Branching scenarios offer a dynamic way to build engagement and improve retention. Have you tried them?

Innovation and engagement are key areas that CFTEA continues to focus on as we move into 2022.

Branching scenarios are an interactive way to display content and test the knowledge of learners by challenging them in making a decision and observing how they react to the consequences. Each screen presents new situations and new choices.

Branching scenarios also create more vivid material for your learners to engage with. Because they usually involve some degree of story-telling, learners connect more strongly with learning outcomes. They also improve situational awareness, as learners must usually factor in several competing priorities and consequences as they search for the appropriate response. A scenario that asks an employee to choose which of several unhappy customers to serve first probably won’t end with everyone happy, but it will help that employee learn how to make the best of a bad situation.

As a dynamic, engaging method for evaluating learner understanding, branching scenarios are a valuable tool for many educators. They’re also popular among learners, as they are far more engaging and effective than multiple-choice assessments.

Obviously, because of the time and complexity involved, they won’t work for every learning outcome or in every application. But for any course hoping to build a certain skill, develop decision-making, or train responses to challenging situations, they’re an exciting and invaluable resource.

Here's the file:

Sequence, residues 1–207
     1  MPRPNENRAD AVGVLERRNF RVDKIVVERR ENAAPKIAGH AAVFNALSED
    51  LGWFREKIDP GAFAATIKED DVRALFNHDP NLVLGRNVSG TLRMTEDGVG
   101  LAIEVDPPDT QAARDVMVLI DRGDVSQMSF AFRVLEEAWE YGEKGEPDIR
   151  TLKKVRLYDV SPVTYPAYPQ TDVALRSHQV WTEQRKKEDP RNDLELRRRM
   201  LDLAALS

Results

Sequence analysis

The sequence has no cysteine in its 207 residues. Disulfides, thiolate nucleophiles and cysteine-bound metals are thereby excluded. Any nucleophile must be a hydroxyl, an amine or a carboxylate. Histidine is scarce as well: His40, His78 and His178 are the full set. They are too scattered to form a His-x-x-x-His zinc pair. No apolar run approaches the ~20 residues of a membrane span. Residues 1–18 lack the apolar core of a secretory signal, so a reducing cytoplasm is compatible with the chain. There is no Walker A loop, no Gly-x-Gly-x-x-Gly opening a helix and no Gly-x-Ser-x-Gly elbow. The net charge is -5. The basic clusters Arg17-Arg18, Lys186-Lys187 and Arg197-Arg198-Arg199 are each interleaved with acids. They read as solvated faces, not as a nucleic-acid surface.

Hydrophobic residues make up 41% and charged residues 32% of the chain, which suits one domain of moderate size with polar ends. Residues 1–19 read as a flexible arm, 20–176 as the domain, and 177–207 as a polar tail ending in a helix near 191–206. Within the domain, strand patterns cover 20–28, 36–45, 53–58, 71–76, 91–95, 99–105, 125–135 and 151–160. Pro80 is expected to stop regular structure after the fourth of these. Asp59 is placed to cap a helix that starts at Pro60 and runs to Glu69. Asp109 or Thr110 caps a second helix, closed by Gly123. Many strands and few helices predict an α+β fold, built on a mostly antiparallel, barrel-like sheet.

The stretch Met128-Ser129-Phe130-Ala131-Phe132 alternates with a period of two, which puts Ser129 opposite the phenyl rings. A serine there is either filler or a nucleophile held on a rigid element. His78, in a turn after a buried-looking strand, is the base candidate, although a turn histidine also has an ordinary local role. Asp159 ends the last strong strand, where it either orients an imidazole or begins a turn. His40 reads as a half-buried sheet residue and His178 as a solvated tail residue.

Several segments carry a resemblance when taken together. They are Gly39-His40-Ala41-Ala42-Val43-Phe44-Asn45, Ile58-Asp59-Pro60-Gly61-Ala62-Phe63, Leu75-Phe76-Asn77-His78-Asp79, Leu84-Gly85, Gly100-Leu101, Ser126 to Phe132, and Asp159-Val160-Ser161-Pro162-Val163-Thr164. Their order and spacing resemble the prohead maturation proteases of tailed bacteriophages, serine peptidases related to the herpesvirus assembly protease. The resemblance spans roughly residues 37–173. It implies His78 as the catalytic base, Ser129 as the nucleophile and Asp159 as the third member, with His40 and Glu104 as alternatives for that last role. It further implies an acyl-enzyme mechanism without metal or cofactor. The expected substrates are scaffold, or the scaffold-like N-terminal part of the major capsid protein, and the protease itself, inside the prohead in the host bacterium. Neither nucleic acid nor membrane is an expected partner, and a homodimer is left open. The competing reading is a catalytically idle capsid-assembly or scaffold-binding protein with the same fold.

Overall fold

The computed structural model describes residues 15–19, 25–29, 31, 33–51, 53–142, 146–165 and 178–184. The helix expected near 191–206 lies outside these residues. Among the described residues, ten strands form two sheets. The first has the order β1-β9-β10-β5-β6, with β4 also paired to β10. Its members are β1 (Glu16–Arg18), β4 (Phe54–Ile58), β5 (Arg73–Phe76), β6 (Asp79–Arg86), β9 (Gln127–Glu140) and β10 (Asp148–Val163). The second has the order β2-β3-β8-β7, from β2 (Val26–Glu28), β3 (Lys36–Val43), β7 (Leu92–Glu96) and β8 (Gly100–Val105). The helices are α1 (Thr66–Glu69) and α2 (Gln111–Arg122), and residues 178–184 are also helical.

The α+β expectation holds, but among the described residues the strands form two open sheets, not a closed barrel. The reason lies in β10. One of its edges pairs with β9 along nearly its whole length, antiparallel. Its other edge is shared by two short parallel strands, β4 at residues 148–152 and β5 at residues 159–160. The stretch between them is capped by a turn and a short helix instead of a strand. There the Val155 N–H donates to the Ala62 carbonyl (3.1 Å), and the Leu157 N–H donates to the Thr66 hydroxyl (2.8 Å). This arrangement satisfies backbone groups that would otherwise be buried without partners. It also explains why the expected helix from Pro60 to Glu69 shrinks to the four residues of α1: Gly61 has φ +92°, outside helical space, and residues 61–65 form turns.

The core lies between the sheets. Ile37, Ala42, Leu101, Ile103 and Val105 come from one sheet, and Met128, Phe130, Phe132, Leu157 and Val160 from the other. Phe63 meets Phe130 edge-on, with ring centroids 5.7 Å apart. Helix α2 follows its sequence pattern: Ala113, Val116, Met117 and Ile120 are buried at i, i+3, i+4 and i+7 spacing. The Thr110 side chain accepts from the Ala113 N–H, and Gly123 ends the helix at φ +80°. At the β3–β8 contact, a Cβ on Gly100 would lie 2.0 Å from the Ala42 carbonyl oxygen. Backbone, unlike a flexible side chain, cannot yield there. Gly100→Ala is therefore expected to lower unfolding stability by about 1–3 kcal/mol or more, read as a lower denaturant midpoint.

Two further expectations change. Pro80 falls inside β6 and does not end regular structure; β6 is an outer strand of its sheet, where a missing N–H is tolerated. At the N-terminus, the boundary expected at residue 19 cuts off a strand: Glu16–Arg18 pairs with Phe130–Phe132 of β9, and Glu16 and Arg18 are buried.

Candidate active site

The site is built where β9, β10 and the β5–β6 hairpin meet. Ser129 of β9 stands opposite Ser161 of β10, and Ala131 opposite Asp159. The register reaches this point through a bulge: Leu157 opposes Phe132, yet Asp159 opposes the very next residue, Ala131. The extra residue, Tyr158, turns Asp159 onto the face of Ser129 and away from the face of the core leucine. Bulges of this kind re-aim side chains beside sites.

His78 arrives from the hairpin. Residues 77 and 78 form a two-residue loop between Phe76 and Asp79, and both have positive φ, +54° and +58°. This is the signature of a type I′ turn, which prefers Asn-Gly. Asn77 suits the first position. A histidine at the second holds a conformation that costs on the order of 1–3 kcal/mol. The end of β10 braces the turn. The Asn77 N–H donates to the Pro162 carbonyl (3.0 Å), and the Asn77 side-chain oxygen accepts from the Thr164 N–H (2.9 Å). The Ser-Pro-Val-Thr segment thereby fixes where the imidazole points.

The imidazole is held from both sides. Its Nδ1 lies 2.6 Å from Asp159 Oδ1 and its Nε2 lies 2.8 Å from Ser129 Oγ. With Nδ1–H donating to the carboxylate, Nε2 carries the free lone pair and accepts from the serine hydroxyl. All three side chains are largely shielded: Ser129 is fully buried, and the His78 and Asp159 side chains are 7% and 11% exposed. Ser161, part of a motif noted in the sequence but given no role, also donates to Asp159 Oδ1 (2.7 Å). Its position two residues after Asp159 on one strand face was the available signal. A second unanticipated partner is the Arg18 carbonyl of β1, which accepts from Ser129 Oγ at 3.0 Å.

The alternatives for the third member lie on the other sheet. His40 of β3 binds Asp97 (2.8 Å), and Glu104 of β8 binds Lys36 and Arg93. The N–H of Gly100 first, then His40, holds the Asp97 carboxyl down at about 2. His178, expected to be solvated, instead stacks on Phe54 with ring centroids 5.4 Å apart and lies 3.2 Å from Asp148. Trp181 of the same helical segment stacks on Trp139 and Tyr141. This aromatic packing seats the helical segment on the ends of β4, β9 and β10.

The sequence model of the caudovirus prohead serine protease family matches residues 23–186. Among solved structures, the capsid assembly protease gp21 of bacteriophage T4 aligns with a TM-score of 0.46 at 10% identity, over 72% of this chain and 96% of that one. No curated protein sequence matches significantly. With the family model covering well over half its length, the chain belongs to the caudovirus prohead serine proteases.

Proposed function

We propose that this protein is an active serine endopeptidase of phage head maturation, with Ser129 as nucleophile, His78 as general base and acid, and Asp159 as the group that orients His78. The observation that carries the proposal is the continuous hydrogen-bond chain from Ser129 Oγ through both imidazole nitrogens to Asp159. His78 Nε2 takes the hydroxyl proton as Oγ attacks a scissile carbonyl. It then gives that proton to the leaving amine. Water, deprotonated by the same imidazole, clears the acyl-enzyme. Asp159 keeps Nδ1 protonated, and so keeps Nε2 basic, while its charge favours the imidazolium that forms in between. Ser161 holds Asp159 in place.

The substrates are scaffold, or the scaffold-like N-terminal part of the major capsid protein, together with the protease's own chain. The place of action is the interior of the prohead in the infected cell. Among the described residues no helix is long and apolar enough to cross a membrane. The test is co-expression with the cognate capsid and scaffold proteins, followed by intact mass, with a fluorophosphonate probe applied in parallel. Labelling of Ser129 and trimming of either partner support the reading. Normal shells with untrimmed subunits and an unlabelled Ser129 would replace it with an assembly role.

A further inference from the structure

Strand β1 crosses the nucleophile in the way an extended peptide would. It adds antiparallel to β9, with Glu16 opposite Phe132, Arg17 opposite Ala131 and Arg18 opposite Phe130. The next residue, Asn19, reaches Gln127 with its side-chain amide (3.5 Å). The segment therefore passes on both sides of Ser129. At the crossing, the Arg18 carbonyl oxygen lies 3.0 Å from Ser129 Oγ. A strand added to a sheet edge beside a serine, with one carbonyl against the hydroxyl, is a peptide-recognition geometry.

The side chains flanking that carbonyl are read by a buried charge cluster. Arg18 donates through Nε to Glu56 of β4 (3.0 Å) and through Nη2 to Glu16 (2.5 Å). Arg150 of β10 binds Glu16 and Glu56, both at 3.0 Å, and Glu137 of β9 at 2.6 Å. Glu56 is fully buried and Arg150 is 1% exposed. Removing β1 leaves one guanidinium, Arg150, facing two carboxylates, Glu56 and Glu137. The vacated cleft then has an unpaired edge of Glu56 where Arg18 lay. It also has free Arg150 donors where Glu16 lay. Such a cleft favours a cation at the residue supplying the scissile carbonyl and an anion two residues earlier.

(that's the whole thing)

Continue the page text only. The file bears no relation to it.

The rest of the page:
In our new course – Instant Messaging in the Workplace – learners are provided with a scenario that leads to various different outcomes. Instant Messaging in the Workplace is one of a number of courses in our new Effective Communication Certificate.  We are pleased to introduce this new feature and will spend more time discussing scenario branching at our 2022 Leaders Conference in North Conway, NH in September.

Branching scenarios cons:

  • Branching scenarios take longer to design and test than linear models.
  • They can quickly become highly complex, making it easier to create a flawed outcome.
  • The added time and complexity involved in designing a branching scenario adds to the overall cost of course creation.

Branching scenarios pros:

  • Learners must actively think through their decision-making process.
  • They better prepare learners for complex, real-time interactions.
  • Learners can retake a scenario to find a better outcome without encountering the same material on their first attempt.

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